I don’t like noise and hubbub when I’m writing, but neither do I like complete silence. For that reason, I often write in the library of my local university, which is only a ten-minute walk from where I live. There’s a beautiful ‘silent area’ overlooking a grassy courtyard, where you can hear the distant hum of voices from other parts of the library. When I started writing The Cactus, I had a tiny desk in the corner of the sitting room. I quickly realised that that wasn’t conducive to concentrated work, especially when my two boys were home from school, so I converted the spare bedroom into a study. Unlike some writers, I don’t listen to music when I’m working as I find my mood, and the tone of my writing, are easily influenced. I therefore use an app that plays muted coffee shop sounds to provide the aural ‘buzz’ that I need.

How much of a role has social media played? Do you think aspiring writers always need to cultivate a platform on social media?
Before my book was accepted by a publisher, I had no social media involvement, apart from a low-key personal Facebook page and an unused Twitter account. In the run-up to publication, I set up a professional Facebook page, an Instagram account, a website (now horribly out-of-date) and started using Twitter. Of these platforms, my favourite is Instagram. I love being tagged in posts about The Cactus, seeing where people are reading it and hearing their thoughts. My experience is that Instagram is a very friendly place for writers. I must admit, I’m not very proactive (read: lazy) about social media. I’m bad at remembering to ‘hash-tag’ my posts and do very little to increase my number of followers, so I’m not sure I’ve sold many – or indeed any – books as a result of my social media activity. I know it can be a very useful publicity tool for writers, though, if done properly.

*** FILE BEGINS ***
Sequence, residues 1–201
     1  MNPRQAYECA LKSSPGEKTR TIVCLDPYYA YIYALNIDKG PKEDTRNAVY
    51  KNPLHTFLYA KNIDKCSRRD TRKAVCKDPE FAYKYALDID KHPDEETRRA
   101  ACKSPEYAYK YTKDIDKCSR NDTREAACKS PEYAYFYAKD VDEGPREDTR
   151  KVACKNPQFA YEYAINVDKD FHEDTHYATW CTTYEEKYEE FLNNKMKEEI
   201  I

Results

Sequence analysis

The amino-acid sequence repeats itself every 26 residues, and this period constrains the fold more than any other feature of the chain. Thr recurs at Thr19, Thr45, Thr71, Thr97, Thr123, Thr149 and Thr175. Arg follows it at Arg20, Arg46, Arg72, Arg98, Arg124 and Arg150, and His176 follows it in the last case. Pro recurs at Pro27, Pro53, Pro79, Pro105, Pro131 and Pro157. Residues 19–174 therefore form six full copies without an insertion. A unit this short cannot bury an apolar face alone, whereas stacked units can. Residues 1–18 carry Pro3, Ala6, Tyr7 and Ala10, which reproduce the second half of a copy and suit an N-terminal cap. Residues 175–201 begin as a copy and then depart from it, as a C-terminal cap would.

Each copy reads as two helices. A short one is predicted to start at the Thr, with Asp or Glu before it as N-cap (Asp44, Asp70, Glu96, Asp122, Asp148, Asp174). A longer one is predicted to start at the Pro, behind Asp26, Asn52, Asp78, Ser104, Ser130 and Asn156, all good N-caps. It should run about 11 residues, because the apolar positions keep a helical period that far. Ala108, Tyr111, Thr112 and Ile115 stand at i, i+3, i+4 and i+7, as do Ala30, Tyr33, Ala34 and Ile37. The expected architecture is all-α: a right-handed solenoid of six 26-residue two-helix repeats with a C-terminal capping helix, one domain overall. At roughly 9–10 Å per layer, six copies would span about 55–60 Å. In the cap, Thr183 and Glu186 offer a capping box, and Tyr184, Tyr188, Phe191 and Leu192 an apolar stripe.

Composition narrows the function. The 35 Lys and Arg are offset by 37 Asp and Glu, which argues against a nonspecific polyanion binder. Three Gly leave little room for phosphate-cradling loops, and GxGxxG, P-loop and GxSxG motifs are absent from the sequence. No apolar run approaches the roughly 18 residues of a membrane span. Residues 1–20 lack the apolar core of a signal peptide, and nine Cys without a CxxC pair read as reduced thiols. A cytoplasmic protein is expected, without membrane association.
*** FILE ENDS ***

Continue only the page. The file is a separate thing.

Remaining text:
What’s the worst question you get asked? (Fingers firmly crossed that I haven’t asked it!)
Ha ha, your questions have all been great, Jane! Fortunately, I’m rarely asked questions that I feel uncomfortable answering. I do, though, tend to dodge any that seek to dig deep down into the details of my work-in-progress (about which I don’t like to share too much too early) or that feel intrusive into the business side of being a writer.

Who has been the most influence on the development of your writing career? And who is the person that picks you up when you need a lift?
There are so many people who have helped me to gain in confidence about my writing and to shape my career, from tutors and fellow students on my creative writing courses to my agent and editors at the various publishers. The person who picks me up when I need a lift is my great friend Beth, whom I’ve known since our oldest children were new-borns. She’s working on her PhD at the moment, and we often write and study alongside each other.

Who is your favourite writer? Which book would you most like to have written?
I have a great long list of favourite writers and find it impossible to choose one. Of contemporary writers, my current favourite is Sally Rooney. If I’d written Conversations With Friends, I’d feel that my work was pretty much done. I reread Rebecca by Daphne du Maurier on holiday this year and would be rather delighted with myself if I’d written that too.

What is your favourite way to unwind?
Reading, of course!

Do you have a favourite quotation or saying that motivates you, that you’re happy to share?
There’s a saying that Hello Sunshine shared on their Instagram page recently, which I find empowering in situations where I’m feeling anxious: ‘Imagine your best self. Show up as her.’

Sarah, thank you. And wishing you huge success with that second novel. I for one can’t wait to read it.

If you’d like to see more about Sarah’s novel here is a link to her page on Amazon.


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Posted on September 5th, 2019 by